Breaking the Chains of Profit

Over a century and a half after the abolition of slavery, the United States still bears the scars of its past, with the legacy of slavery echoing through the criminal justice system and contributing to the issue of mass incarceration. 

Slavery was a pervasive institution throughout the history of the United States for over two centuries. The first enslaved Africans were brought to the British colony of Virginia in 1619, and by the time of the Civil War in 1861, approximately four million people were enslaved in the United States. The legacy of slavery has had lasting impacts on American society, including contributing to systemic racism and economic disparities that persist to this day. One such impact is the issue of mass incarceration, which has disproportionately affected Black Americans and other people of color.

In addition to the racial disparities in the criminal justice system, it is important to recognize that mass incarceration is also a lucrative industry. The private prison industry in the United States is estimated to generate over $5 billion in revenue annually. The number of people incarcerated in the United States has increased dramatically in recent decades, with the incarcerated population growing from approximately 500,000 in 1980 to over 2.2 million in 2021. This growth has been fueled in part by the privatization of prisons and the implementation of policies such as mandatory minimum sentences and the war on drugs. Publicly-run prisons also generate significant revenue, with the US government spending over $80 billion annually on corrections. Additionally, the prison labor system, which relies on the labor of incarcerated people who are paid as little as a few cents per hour, generates an estimated $1 billion in revenue for corporations each year. This exploitation of incarcerated labor contributes to the systemic devaluation of Black and Brown lives, and perpetuates the legacy of slavery in the United States. The fact that the criminal justice system has become a profitable industry is deeply troubling, and underscores the urgent need for reform and the dismantling of the prison-industrial complex.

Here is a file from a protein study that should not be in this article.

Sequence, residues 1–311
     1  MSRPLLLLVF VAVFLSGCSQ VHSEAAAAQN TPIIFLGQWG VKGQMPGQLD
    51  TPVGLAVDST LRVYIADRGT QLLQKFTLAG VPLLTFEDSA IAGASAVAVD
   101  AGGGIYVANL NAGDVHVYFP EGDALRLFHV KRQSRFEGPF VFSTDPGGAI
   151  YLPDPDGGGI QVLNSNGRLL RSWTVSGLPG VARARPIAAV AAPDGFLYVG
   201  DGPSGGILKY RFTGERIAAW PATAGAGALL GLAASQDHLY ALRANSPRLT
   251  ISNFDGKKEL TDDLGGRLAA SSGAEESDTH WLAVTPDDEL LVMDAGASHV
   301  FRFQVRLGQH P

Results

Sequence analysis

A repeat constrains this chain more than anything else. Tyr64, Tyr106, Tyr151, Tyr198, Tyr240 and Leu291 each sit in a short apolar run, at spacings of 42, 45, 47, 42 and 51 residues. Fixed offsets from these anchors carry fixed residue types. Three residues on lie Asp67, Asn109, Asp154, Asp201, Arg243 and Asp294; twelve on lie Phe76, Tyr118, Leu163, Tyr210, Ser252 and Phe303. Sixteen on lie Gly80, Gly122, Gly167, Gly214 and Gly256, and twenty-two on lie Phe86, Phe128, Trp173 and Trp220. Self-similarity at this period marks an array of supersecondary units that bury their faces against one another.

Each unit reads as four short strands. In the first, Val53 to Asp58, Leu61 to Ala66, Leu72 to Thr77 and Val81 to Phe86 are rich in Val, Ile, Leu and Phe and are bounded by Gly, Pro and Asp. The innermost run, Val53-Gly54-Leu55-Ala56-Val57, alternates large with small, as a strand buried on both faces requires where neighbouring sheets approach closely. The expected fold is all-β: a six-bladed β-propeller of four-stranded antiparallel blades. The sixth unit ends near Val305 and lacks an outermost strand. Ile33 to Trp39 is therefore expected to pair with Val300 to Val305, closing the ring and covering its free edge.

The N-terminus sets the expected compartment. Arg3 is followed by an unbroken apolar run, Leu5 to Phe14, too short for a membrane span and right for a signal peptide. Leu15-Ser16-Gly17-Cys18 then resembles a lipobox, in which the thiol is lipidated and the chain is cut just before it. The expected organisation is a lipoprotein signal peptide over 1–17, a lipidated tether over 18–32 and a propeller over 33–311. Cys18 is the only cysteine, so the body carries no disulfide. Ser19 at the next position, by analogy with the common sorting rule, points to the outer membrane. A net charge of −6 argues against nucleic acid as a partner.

The for-profit private prison industry has been a major contributor to the growth of mass incarceration in the United States. The two largest private prison corporations, CoreCivic and GEO Group, collectively generate over $3 billion in revenue annually. These companies operate facilities across the country, including immigrant detention centers, and have been criticized for their substandard living conditions and treatment of incarcerated people. In addition to private prison companies, other corporations profit from the prison-industrial complex as well. For example, telecommunications companies such as Securus Technologies charge exorbitant rates for phone calls made by incarcerated people and their families, generating an estimated $1.2 billion in revenue each year. Similarly, companies such as JPay and GTL provide tablets and other technology to incarcerated people, charging high fees for services such as email and video visitation. The healthcare industry also profits from mass incarceration, with companies such as Corizon and Wexford Health Sources providing healthcare services to prisons and jails and generating billions of dollars in revenue. The fact that these corporations profit from the suffering and exploitation of incarcerated people is deeply concerning and highlights the urgent need for reform in the criminal justice system.